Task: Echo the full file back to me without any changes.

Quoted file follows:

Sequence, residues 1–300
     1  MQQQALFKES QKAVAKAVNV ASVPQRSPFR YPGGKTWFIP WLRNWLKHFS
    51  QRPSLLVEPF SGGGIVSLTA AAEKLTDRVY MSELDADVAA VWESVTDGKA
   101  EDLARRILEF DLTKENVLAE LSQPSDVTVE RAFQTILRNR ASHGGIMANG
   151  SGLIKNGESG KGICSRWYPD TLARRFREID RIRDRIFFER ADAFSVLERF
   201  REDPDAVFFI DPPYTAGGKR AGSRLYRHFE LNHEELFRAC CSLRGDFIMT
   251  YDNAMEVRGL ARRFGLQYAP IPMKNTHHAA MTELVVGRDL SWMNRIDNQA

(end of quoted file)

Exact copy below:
Sequence, residues 1–300
     1  MQQQALFKES QKAVAKAVNV ASVPQRSPFR YPGGKTWFIP WLRNWLKHFS
    51  QRPSLLVEPF SGGGIVSLTA AAEKLTDRVY MSELDADVAA VWESVTDGKA
   101  EDLARRILEF DLTKENVLAE LSQPSDVTVE RAFQTILRNR ASHGGIMANG
   151  SGLIKNGESG KGICSRWYPD TLARRFREID RIRDRIFFER ADAFSVLERF
   201  REDPDAVFFI DPPYTAGGKR AGSRLYRHFE LNHEELFRAC CSLRGDFIMT
   251  YDNAMEVRGL ARRFGLQYAP IPMKNTHHAA MTELVVGRDL SWMNRIDNQA